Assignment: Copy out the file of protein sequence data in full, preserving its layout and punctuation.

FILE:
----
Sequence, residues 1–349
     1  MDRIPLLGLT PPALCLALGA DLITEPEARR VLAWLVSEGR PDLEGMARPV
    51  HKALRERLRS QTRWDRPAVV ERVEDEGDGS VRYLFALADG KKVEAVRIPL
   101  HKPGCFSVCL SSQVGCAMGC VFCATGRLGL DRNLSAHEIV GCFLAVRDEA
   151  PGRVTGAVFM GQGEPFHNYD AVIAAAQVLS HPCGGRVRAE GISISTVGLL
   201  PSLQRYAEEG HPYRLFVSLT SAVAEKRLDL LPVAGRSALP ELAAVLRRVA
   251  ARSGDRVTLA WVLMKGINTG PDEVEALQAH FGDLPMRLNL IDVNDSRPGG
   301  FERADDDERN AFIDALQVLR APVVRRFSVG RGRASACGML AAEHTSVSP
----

Sequence, residues 1–349
     1  MDRIPLLGLT PPALCLALGA DLITEPEARR VLAWLVSEGR PDLEGMARPV
    51  HKALRERLRS QTRWDRPAVV ERVEDEGDGS VRYLFALADG KKVEAVRIPL
   101  HKPGCFSVCL SSQVGCAMGC VFCATGRLGL DRNLSAHEIV GCFLAVRDEA
   151  PGRVTGAVFM GQGEPFHNYD AVIAAAQVLS HPCGGRVRAE GISISTVGLL
   201  PSLQRYAEEG HPYRLFVSLT SAVAEKRLDL LPVAGRSALP ELAAVLRRVA
   251  ARSGDRVTLA WVLMKGINTG PDEVEALQAH FGDLPMRLNL IDVNDSRPGG
   301  FERADDDERN AFIDALQVLR APVVRRFSVG RGRASACGML AAEHTSVSP